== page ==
New Voices

Recovered from the Wayback Machine.

New voices are entering the discussion on feminism and girlism. Brave souls.

AKMA has joined the conversation, but carefully, aware that the discussion related to this topic has achieved a level of emotion and engagement that transcends previous topics:

One reason I haven’t joined in earlier lies in my fondness for everyone in the room, and my sense that I can see the admirable heart in what each one says, whether or not they’re on the same page as me. And it’s awfully hard to enter this sort of discussion without treading on some toes that already ache from others’ stomping.

As one who has participated in the tromping as well as being a trompee, I can understand AKMA’s caution. There is something about this topic that seems to touch the core of us, generating strong agreement or disagreement, but not indifference. Perhaps its because men and women remain men and women, with all the age-old complications, confusion, and concerns, regardless of socio-politico events.

I almost wrote David Weinberger to ask him, “Well, David. Here’s your pieces. Now where’s the glue?”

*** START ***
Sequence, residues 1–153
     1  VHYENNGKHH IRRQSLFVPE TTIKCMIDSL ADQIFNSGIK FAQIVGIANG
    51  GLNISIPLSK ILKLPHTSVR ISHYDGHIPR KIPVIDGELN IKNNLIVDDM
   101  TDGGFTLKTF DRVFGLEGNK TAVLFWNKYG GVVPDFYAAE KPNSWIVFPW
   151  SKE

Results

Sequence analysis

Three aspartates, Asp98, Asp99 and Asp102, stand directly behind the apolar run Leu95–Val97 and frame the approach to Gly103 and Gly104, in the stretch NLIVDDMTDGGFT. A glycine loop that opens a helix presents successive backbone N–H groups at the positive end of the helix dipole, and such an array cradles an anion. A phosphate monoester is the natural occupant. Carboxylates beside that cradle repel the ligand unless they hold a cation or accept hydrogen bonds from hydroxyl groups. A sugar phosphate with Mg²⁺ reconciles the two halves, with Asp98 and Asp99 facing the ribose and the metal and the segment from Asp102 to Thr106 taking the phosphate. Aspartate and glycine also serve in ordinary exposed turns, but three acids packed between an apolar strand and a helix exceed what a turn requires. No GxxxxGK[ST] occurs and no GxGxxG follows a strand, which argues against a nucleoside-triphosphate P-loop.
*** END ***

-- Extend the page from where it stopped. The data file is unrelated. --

But AKMA does discuss the issue, albeit being careful to separate the message from the messenger (to quote one of the comments to my posts) and talks about the effects of girlism:

Effect One: it severs women who can and will use this tactic from those who don’t have access to that tactic. I get very edgy about strategies of resistance that engender division; we don’t have to look far, though, to see that girlism doesn’t only advance the cause of “girlists,” but distinguishes “girlist”-women from “non-girlist-women” (and that can pretty quickly be elided to “fun, cool” women versus “uptight, bitchy” women). Effect Two: girlism tends to reinforce men’s latent notions that women are there principally to titillate and delight them. Lots of fascinating women (whom no one has grounds to assume sexually inhibited, though I can’t claim empirical research on this point) don’t want to go anywhere near re-affirming the Playboy Bunny image that haunts men’s expectations of what women should be like.

As somewhat of a directly unrelated counter-point, the second person to join the debate today (that I know of ), Elizabeth Lawley, writes:

I spoke up in defense of Halley’s original post, and I stand by that. I consider myself a feminist. Unlike Halley, I don’t think feminism is dead. And I definitely don’t agree with her assessment that it only encompassed lesbian sexuality to begin with. But one of the reasons that I–and, I think, many other women–have become frustrated with feminism is its renouncement of…well…femininity.

In Shelley’s blog, she reposts and comments on comments by Suzanne, in which she expresses concerns with “girlism” because it’s limited to those with the physical attributes to use it. But all strengths, all power, is unbalanced. Some women aren’t beautiful, true. (Though far more are than realize it.) But some women aren’t smart. Some women aren’t hard-working. Some women aren’t charismatic. Life’s just not fair.